Sato,
Kolde and Sugsawa
Payne and Dmswood,
and Goodenough
Peeters, Vergote, Puers
and Sansen
Ura and Esashl
bulk
bulk
bulk
KOH bulk
20
8x6
accelerometer
Rudolf, Jomod, Bergqvlst,
Leuthold and Bencze
1987,
1990
Etch
G (PF)
Year
Authors
Dunenslons
(mm’)
1 (continued)
Type
TABLE
anodlc
fusion
bond
+ anodlc
na
anodlc
anodlc
anodlc
anodlc
ano&c
Seal
59
65
66
61
62
transparent
electrodes on glass
allow observation
fully integrated
device, no bulk
nucromachmmg
highly symmetrical,,“›
tunable damping
s&on-oxnutnde
suspension
general
automotlve
general
general
Integrated
CMOS
separate
separate
57
servo actlon
general
separate
58
64
55,
56
60
device
pg
Ref
good hneanty
pg resolution,
symmetnc
suspension
commercial
force balancmg
resolution
Discussion
general
positlon
sensmg
space, fight
control
spacecraft
Apphcatlon
separate
separate
separate
separate
Circuit
z
101
bond.lng
pads
\
bipolar
Fig 6 The Stanford
1980
capacltlve
pressure sensor, measunng
orlglnal
3 mm x 3 mm and mcorporatmg
size
transducer
a bipolar convertmg
cmxnt, as proposed
m
chip
glass carrier
Rg 7 In order to obtam mnumal size, the sensor chip IS firstly anodlcally bonded to the glass carrier, and then etched down usmg EDP,
which stops on the boron-doped ddked
structure, forming the mmlature frame and membrane (dotted hne shows the ongmal chip size)
The processmg chip dself IS embedded m a cavity m the glass carrier
Al
wire
glass counter
Part
f
\electronlc
Fig 8 Fully sealed device mcorporatmg
an electronic
detection of the capacmve changes A glass feedthrough
the connechon to the outslde
contact
epoxyglue
clrcult
nrcult for
provides
has been gven by the Norwegan group [35-371 to
lower stress effects m the membrane (which cause temperature effects m the sensltlvlty curve) fis can be
achieved by retammg the idea of bonding the s&con
chip to a glass carrier, but usmg thm sputtered glass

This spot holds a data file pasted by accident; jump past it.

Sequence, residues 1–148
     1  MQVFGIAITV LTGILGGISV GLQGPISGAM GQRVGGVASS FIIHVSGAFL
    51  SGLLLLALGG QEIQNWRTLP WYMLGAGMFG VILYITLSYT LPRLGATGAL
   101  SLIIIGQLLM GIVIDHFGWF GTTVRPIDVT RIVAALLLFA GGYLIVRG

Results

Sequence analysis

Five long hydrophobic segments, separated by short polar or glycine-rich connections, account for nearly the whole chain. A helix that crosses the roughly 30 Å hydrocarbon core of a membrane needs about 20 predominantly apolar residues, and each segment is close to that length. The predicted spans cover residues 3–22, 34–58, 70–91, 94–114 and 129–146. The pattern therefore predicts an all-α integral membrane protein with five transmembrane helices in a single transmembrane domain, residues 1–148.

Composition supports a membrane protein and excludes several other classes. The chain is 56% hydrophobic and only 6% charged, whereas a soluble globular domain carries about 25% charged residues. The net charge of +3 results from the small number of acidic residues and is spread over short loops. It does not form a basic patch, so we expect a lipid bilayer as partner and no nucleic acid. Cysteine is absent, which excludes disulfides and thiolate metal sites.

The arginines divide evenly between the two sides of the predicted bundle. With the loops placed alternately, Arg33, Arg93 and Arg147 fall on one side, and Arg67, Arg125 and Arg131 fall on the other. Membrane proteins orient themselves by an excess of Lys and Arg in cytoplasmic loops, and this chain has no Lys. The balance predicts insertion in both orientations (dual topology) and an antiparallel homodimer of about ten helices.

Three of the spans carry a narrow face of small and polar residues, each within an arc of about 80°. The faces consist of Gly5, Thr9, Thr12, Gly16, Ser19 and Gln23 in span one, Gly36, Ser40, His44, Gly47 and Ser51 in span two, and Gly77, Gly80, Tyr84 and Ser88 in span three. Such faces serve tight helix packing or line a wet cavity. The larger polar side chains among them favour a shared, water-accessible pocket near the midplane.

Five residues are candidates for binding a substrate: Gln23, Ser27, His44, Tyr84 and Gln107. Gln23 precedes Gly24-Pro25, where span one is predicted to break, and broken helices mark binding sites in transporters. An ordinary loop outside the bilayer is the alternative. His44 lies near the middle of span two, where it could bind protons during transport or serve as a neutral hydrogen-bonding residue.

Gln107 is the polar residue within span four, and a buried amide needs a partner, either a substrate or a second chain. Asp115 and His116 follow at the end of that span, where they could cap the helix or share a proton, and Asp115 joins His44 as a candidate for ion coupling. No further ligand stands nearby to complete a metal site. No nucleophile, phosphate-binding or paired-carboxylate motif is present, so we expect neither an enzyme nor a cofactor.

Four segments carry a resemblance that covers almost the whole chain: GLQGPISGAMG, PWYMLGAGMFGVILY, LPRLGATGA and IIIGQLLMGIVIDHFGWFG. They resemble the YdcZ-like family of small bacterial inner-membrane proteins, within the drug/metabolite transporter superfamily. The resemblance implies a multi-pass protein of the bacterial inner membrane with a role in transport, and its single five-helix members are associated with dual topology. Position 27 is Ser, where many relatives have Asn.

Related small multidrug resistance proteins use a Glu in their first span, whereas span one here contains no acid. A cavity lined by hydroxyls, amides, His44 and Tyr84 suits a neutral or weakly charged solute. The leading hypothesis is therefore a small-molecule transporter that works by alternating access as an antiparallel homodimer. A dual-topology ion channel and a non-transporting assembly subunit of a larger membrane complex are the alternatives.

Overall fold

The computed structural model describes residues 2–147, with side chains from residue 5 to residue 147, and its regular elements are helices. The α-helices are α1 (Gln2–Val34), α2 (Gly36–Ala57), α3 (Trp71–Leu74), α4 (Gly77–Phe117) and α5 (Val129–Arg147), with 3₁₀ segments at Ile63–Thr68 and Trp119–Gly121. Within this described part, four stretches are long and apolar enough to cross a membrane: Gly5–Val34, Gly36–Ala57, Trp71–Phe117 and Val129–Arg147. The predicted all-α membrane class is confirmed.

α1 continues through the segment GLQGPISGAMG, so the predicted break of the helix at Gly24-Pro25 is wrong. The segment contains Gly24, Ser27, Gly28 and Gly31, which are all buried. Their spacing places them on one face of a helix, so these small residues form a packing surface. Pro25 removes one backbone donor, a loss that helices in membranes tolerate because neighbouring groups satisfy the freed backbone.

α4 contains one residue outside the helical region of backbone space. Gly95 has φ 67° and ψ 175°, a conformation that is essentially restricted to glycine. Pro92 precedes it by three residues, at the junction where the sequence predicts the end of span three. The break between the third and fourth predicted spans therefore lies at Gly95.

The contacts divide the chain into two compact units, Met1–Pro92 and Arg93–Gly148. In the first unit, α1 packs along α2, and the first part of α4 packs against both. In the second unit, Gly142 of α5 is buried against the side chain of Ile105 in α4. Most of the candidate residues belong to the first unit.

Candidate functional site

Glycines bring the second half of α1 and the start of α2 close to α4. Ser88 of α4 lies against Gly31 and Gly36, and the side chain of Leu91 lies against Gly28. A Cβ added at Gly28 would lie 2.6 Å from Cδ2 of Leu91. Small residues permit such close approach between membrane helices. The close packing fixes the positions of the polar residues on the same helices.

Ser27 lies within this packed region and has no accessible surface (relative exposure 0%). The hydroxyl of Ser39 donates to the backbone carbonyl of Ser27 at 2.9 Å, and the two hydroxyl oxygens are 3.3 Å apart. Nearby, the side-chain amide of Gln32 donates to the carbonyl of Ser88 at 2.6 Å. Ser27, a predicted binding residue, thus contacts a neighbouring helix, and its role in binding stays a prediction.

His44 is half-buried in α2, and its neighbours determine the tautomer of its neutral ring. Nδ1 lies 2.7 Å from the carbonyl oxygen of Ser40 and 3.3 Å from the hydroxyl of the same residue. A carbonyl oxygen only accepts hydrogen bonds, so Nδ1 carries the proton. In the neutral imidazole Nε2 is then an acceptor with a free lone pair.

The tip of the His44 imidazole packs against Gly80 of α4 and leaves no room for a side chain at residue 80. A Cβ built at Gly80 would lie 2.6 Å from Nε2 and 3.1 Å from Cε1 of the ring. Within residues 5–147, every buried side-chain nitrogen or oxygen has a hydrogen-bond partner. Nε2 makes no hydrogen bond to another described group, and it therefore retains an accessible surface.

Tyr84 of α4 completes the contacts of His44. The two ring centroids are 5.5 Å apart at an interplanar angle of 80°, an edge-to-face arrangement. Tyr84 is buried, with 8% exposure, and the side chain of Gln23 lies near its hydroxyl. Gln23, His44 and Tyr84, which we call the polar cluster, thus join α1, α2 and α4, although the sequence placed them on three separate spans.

layers on slhcon substrates instead In conJunction,
many efforts have been spent m better understandmg
capacitive transducmg phenomena, and more precisely
many proposals have been made m order to reduce
parasmc effects, either by special arcmtry or by specific
electrode configurattons, and-to look for a better lmear
response of the device [38-431
Also, more recently, more and more efforts are being
made to merge CMOS processes vvlth capacltlve pressure
sensors [44-481 The mam drive behind this approach 1s
to mmmnze parasitic effects, and to look for acceptable
process flows for the slbcon foundries This has partially
Rg 9 Prmctple of a surface nucromachmed
pressure sensor by
etchmg the oxide from underneath the polysdlcon, a cavity can be
created The doped p+ regton IS used as the movable electrode for
the sensor
become possible by the use of sacrficlal layer technology,
first introduced by Guckel and Burns [49] The method
consists m etchmg away the silicon dloxlde from between
the upper LPCVD polyslhcon and the n-type slhcon, as
shown m Fig 9 A cavity 1s reahzed, which 1s equal to
the orrgmal oxide tluckness, e g , 1 m The formation
of stress-free polysticon IS a possible tic&y,
but the
advantage 1sa higher yield per wafer (since no space-consummg backside etchmg 1s reqmred), and an automatic
over-pressure stop for pressure sensors [50] Also, the
double-sided alignment that ISreqmred m bulk nucromachmmg can be avoided Moreover, this process 1s fully
compatible Hrlth the standard CMOS process
Other approaches were to use an alternative to alkalme-based etchants, such as TMAH, to perform the
bulk etch of the &con, thus avoldmg possible contamination of the CMOS process by KOH [51,52]
102
Accelerometers
Accelerometers form the second type of devices for
which the capantlve measuring prmaple has proved
successful Although the first devices, developed only
ten years ago, were rather prlmltlve [53,54], the first
one showed a degree of mlnlatu~zatlon never obtamed
m any of the later devices It conslsted of a cantllevered
beam, made out of slhcon oxide, the end of which was
provided with a deposlted dot of gold, which acts as a
selsmlc mass The capacitance value was a mere 4 fF,
such that a buffer stage had to be Implemented on the
same dre, m l~edlate
proxmuty of the cantilever The
second device was nothing more than a suspended plate
that served as the selsmlc mass The device was soon
developed into a more sensitive accelerometer, using a
mesa structure to detect the acceleration [5.5,56] The
capacitive prmclple also allowed It to be used recrprotally, 1e , by applymg an electrostatic voltage, the
electrode can be reposItioned urlth respect to the or?glnal drlvmg force By domg so, the voltage reqmred to
restore the equlhbnum posltlon becomes a measure of
p7740 Pymx
the acceleration Thrs principle IS better known under
the term ‘force balancmg’ and became popular m accelerometer development because It allows the range
of the device to be expanded by several orders of
magnitude [ 57-591
Other designs do not focus on fork-clang